The seven members return to the stage on October 15 for a spectacular one-time performance in support of Busan’s candidacy for the World Expo 2030.
This year, BTS has frequently featured the concept of reflection. The irrepressible seven-piece issued “Proof” in June, an anthology record that took a look back over their nine years of collaboration thus far. Even J-debut hope’s solo album “Jack In The Box” saw the rapper reflecting on his career thus far and where he goes next. The video for the album’s lead single, “Yet To Come (The Most Beautiful Moment),” collected iconography from years past. Although the concert’s theme, “Yet To Come in BUSAN,” which supports the city’s candidacy for the World Expo 2030, suggests a forward-looking perspective, it also feels like a continuation of this recounting of everything that has already occurred.
But this is more than just a simple recounting; it’s a celebration of a remarkable first era. The BTS logo is repeatedly displayed on the stage at Busan Asiad Main Stadium, with each of its trapezoid-shaped parts positioned one step behind the logo preceding it. Every block represents a separate chapter in the group’s narrative, giving the impression that they are the pages of an open book. The same markers that appeared in the ‘Yet To Come’ film, including the train from ‘Spring Day,’ the angel from ‘Blood Sweat & Tears,’ and others, are located on either side of the performance space.
The seven members of BTS enter the stage after an arsenal of pyrotechnics are set off from that setup, and they immediately begin performing “Mic Drop.” They are accompanied by a live band, which amplifies the tune and makes it feel like an avalanche is approaching. BTS are performers who always give it their all, but tonight it feels like they dig harder and deeper than ever. It’s possible that this accompaniment is what makes the group’s energy feel different compared to the last time they were on stage in Las Vegas six months ago.
The setlist in Busan allows the band another chance to carry on the incredible enthusiasm and commitment that have allowed them to bring Korean culture to the forefront of the world over the past nine years. The trio describes their hometowns throughout South Korea on “Ma Metropolis,” which is accompanied by images of the Gwangan Bridge and other notable locations in the coastal city. Two figures of talchum, or masked dance, are accompanied by the song “Idol,” which is being performed today with a bassline that sounds deeper and more elastic than previously. They are visible from the front of the stage over the audience.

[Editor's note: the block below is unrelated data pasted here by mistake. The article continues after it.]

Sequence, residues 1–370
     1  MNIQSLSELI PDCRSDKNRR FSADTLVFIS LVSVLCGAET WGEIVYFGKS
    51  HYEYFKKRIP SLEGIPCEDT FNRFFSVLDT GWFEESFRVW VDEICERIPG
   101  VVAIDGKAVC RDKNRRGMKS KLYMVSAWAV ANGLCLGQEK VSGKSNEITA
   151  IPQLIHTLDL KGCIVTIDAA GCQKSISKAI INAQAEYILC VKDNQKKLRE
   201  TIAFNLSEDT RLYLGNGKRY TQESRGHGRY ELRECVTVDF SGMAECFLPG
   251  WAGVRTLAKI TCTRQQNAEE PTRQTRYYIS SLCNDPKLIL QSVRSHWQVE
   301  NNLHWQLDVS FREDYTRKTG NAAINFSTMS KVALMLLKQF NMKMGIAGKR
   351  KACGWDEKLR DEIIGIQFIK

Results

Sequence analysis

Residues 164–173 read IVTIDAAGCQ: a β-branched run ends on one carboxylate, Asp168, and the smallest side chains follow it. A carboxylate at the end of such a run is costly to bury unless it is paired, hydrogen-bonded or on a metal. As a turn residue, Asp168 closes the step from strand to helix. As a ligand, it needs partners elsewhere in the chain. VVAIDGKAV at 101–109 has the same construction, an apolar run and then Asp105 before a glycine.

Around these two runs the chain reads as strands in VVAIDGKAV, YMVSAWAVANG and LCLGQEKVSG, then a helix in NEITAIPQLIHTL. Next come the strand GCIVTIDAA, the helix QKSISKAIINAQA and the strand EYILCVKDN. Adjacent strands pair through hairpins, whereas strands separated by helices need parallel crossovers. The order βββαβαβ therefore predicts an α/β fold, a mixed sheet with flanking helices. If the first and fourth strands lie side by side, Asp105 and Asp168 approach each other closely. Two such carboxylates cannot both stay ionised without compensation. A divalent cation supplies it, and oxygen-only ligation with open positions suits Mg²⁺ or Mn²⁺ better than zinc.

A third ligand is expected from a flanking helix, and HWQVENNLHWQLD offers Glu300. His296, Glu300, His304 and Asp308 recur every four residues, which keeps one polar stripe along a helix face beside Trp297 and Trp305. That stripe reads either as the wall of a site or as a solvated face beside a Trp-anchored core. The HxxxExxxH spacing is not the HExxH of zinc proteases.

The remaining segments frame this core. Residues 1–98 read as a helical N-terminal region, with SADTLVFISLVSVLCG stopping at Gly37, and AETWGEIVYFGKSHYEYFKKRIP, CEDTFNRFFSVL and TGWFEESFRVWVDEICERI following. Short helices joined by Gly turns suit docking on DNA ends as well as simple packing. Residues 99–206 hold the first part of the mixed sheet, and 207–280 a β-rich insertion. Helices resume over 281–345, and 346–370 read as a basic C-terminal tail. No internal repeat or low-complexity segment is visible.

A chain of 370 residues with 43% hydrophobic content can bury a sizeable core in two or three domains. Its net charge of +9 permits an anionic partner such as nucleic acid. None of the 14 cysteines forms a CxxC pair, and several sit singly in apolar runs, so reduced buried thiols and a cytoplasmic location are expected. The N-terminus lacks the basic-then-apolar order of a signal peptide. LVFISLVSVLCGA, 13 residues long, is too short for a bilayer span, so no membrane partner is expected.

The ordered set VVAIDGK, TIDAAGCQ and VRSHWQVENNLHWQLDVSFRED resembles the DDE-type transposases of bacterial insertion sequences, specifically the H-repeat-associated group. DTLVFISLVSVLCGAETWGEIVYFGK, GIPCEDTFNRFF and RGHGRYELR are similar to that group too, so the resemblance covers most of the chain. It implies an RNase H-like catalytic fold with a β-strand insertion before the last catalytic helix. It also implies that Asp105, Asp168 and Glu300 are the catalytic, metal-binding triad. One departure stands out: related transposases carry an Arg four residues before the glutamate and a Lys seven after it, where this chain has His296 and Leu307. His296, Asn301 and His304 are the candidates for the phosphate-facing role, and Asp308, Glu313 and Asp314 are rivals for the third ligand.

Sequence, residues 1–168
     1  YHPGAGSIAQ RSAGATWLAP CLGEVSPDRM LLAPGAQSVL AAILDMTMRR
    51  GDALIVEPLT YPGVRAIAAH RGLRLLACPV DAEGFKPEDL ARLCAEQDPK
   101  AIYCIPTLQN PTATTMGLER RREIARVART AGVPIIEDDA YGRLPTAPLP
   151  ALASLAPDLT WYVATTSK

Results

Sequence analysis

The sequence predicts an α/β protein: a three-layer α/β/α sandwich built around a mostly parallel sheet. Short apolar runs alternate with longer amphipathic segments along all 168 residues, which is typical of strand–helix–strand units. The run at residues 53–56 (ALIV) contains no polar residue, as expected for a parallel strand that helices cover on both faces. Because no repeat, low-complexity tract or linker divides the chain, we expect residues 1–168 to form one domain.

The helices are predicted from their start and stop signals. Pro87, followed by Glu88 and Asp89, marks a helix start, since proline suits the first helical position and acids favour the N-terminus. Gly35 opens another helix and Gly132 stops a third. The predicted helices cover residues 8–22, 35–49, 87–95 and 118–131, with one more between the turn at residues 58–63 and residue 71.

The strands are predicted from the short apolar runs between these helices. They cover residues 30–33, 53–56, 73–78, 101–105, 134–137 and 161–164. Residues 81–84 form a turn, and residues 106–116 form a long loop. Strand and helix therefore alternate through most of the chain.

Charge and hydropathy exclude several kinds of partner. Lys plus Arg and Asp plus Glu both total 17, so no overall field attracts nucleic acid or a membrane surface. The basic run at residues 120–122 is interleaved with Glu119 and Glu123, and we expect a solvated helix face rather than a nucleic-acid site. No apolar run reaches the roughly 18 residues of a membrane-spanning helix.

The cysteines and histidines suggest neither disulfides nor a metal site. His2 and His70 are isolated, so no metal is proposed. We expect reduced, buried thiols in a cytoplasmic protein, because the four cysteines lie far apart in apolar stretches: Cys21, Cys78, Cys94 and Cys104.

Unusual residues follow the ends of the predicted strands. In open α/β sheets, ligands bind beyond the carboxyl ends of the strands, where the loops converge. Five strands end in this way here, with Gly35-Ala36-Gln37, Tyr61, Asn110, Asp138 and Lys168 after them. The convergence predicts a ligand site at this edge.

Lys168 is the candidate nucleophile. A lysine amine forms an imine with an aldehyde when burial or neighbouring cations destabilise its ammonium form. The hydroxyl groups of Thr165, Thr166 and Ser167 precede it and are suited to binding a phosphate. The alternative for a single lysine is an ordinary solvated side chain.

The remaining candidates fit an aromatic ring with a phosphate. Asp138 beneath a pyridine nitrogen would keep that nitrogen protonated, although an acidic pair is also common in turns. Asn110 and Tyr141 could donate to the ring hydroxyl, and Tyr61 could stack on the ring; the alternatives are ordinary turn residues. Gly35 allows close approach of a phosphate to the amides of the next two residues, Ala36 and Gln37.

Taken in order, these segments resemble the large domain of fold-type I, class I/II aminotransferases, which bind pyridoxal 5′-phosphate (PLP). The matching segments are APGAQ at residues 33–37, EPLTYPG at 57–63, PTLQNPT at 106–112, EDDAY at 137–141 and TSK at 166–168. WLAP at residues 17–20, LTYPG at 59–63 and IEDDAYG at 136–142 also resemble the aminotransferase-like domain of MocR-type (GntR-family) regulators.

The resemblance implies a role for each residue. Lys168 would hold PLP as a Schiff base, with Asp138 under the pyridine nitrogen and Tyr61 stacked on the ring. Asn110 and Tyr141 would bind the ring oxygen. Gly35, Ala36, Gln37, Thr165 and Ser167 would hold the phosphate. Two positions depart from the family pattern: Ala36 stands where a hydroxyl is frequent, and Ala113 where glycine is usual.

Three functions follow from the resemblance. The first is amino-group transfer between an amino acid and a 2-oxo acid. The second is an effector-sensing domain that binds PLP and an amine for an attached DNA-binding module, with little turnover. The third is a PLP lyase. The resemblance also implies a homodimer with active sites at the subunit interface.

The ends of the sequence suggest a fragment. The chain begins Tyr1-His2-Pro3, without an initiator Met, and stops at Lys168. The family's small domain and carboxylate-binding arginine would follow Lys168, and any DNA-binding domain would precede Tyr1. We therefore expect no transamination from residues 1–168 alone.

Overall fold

Two prominent themes
BTS’ discography has always featured two prominent themes that go beyond simply representing their nation: heartfelt songs that make you feel everything, and swaggering, furious hip-hop. The ensemble divides into two tonight to do both. The vocal line of Jin, Jimin, V, and Jungkook performs “00:00 (Zero O’Clock)” and “Butterfly” flawlessly and with spine-tingling intensity as their individual voices rise gloriously above the night. Rappers RM, Suga, and J-hope then enter the stage and perform furious, stunning renditions of “UGH!” and “BTS Cypher Pt. 3: Killer,” with each word of the song’s title accentuated by fireballs. Both are jaw-dropping in every way, with the foursome exercising their rapid-fire flows.
There are further treasures from their legendary back catalogue elsewhere. Their first US Number One song, “Dynamite,” fills the stadium with rainbow-colored joy before an exciting and upbeat performance of “Boy With Luv.” Towards the end of the programme, the songs “Young Forever” and “Spring Day” offer poignant moments. The former, which was released in 2016, perfectly captured the group’s tenacity and drive to succeed. Even though they are some of the biggest performers in the world, when they sing this song now, as they stand on stage in the beginning stages of their second chapter, it feels like a renewal of their commitment to “keep sprinting toward my dream.”
The staging of this special event confirms that BTS has never been a band to cut corners, as the song “Young Forever” says. The continuous pyrotechnics bursts and meticulous attention to detail make the two-hour performance a sensory assault. While the graphics in “BTS Cypher Pt. 3: Killer” change to represent each member—”Jack In The Box” colours for J-hope, “persona” and “who am I” for RM, and a splatter of blood and sword noise à la “Daechwita” for Suga—one example of the titular creature flaps around gracefully to the side of the stage during “Butterfly”
In Busan, historical periods from other eras are also on display. The three brand-new songs from “Proof” are also there. With choreography that places the members in front of the handlebars of phantom motorcycles, the rumbling and revving “Run BTS” makes its live debut early. As the displays display film strips embellished with images from previous concerts, the song “For Youth” strikes a nostalgic, appreciative note in the show’s closing moments.
BTS Hasn’t Arrived in Busan
There is also considerable emphasis on the future. Jin reveals that he will soon be the next member to debut solo content and that a single is on the way during the closing moments. With its poignant yet upbeat message that BTS’ best days are still ahead of them despite all the peaks that have coloured the last almost decade, “Yet To Come” closes out the programme.
The globe went into overdrive earlier this year when the group revealed their intentions to embark on solo projects, mistaking the news as the end of the BTS as a band. The group members vehemently refute those claims on stage tonight, with Jimin telling the crowd: “I think everything we’ve done so far is only a taste. We should continue for another 30, 40, or 70 years. A few minutes later, the band waves goodbye as “Rest of my life” from the song “For Youth” glows on the screen behind them. perhaps this is just the start.